Related: 9 Ways to Cut your Budget (when there is nothing left to cut)

Step 5: Review, Edit & Repeat

In order to truly budget like a pro, make sure you review what you have previously listed.  Is it time to reconsider or negotiate some of your fixed or variable expenses?  Are your home expenses eating half of your net income?  If so, check out these posts:

By cutting cable and negotiating my car insurance, alarm system, and internet bills, I have been able to save over $125 a month!  Although it may not seem like much, that is an extra $1500 that I am able to save in a year.  Small changes do matter.

Although a budget is the foundation to your financial success, it is always evolving.  For example, your budget as a college student probably looks a lot different than your budget post grad.  Also, your budget will inevitably change as you add (and/or subtract) members to your household like precious babies or aging college students.  I regularly review my budget ever few months.

 

Stay tuned for next weeks post regarding Budgeting Blunders: 5 Deadly Mistakes Made.  Subscribe below to get posts like this from Financially Fit & Fab delivered right to your email box!

 

Budget like a Pro in 5 Simple Steps (1)

Do you budget like a pro?  If so, how?  What tools do you use to budget like a pro?

38 comments

  1. Great tips! I have worked on my budget the last few years and did a lot of what you mentioned here. It helps a lot, although I find I do need to review it intermittently.

    1. It is definitely important to review your budget! I try to review my budget every few months. ๐Ÿ™‚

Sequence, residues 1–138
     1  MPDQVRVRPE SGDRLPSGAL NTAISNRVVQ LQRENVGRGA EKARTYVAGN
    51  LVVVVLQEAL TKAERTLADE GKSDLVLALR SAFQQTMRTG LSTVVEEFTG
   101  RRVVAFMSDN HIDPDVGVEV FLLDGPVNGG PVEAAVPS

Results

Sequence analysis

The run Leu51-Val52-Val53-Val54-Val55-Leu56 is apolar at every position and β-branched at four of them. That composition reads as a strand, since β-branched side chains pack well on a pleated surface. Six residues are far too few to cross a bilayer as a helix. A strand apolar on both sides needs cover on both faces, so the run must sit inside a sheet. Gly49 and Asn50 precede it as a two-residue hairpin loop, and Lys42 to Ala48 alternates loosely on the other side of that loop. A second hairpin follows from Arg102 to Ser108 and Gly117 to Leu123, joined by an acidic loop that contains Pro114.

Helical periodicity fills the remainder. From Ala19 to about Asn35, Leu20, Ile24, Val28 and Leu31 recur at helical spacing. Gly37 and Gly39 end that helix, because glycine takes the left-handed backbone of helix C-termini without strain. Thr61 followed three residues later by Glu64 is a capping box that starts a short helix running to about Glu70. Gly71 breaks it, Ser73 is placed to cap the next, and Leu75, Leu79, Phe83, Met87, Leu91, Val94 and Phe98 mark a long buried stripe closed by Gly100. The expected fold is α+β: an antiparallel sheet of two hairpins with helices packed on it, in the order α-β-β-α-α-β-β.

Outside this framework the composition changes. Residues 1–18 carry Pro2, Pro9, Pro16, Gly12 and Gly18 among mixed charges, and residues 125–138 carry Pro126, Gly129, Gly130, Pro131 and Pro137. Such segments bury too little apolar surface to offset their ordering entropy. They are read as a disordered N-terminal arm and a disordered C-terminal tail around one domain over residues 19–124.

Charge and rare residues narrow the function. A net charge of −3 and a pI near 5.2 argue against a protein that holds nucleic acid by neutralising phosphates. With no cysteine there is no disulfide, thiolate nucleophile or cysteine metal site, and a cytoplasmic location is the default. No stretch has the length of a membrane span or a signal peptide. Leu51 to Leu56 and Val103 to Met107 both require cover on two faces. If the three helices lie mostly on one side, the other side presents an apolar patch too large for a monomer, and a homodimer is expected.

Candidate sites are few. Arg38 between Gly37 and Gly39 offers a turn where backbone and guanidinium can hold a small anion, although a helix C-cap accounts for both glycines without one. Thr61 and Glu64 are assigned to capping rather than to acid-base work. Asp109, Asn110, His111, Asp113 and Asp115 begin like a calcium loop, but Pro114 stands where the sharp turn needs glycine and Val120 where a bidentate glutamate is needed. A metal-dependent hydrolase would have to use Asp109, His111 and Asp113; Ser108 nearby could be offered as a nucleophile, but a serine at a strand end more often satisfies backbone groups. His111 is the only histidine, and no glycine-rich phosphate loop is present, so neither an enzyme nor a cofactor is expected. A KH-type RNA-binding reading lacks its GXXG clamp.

2. I’m definitely going to sit down and do these things-my finances are out of control. Like, I don’t even know where it goes some times… I’ll have $200 in checking, and not spend anything for a week and suddenly I’m at $14. WTF. lol I make enough money that I shouldn’t be living like this.

    1. It happens to the best of us! That is why budgeting is so important. So you know where your money is going. ๐Ÿ™‚

  3. Loving these tips! We haven’t had cable in years (yay Google Chromecast) and just recently renegotiated our internet fees. There are so many ways to save money that people often overlook.

    1. You are right! Little ways of saving money def adds up over time. I just got rid of cable but I don’t even miss it and I am more productive (for the most part. lol).

  4. I am so bad about budgeting – I start out great and then fall off the wagon shortly after. I start out with great intentions!

  5. Love your tips especially negotiating bills. I look over all of our utilities with a fine tooth comb and I call for lower rates every season.

  6. Great tips as always!! I need to get back to doing my monthly budget. That had us all the way on track!